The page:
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SLP (Service Location Protocol)
Note: Many topics at this site are reduced versions of the text in "The Encyclopedia of Networking and Telecommunications." Search results will not be as extensive as a search of the book's CD-ROM.
SLP is an Internet protocol that is designed to make it easy for network clients to discover the available services on a network and learn information about the configuration of those services. Users don't need to know the name of a host that provides a service. Instead, they can query for a particular type of service and SLP will locate that service and return a network address. The protocol allows users to find network devices that perform specific functions, such as a printer that provides double-sided color printing.
SLP has become important for VoIP (Voice over IP), where SLP can be used by SIP (Session Initiation Protocol) clients to query for available services. SIP is an Internet signaling protocol used for setting up, maintaining, and terminating multimedia sessions such as voice calls and videoconferences. With SLP, clients query to find services based on the characteristics of those services. Similar services are described under "Service Advertising and Discovery."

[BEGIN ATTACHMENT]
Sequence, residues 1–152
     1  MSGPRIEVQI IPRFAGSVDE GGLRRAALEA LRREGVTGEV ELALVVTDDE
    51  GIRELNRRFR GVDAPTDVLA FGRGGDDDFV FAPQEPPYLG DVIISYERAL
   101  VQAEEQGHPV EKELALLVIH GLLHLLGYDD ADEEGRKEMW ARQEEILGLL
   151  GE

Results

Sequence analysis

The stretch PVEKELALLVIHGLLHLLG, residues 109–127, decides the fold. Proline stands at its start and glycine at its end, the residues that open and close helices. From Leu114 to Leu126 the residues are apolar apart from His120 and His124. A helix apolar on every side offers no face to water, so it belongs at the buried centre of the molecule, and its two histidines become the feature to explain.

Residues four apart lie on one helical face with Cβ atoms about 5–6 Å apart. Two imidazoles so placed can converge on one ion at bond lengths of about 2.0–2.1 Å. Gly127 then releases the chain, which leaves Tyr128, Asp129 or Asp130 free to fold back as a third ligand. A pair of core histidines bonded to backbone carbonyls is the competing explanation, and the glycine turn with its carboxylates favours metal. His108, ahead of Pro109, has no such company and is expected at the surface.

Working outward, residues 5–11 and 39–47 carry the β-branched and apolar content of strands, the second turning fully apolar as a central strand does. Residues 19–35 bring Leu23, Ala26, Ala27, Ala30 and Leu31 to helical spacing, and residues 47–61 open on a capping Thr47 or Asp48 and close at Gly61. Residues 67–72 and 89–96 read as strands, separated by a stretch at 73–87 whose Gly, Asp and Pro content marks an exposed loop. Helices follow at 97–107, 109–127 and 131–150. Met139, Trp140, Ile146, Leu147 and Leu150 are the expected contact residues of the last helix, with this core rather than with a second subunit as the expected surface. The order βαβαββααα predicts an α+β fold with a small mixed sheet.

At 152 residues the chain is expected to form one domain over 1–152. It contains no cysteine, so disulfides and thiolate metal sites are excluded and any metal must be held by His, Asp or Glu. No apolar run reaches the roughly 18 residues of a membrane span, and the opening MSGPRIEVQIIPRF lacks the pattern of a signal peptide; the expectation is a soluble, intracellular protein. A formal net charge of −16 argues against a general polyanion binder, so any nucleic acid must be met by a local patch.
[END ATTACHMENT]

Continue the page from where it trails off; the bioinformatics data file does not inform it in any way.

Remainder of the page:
The IETF's Service Location (srvloc) Working Group is developing SLP. SLP is defined in RFC 2165 (Service Location Protocol, June 1997) and updated in RFC 2608 (Service Location Protocol, Version 2, June 1999). A related document is RFC 2609 (Service Templates and Service Schemes, June 1999), which describes "service URLs." Service URLs include attributes that define services. Also see RFC 2614 (An API for Service Location, June 1999), RFC 3059 (Attribute List Extension for the Service Location Protocol, February 2001), and RFC 3082 (Notification and Subscription for SLP, March 2001).
This topic continues in "The Encyclopedia of Networking and Telecommunications."
Copyright (c) 2001 Tom Sheldon and Big Sur Multimedia.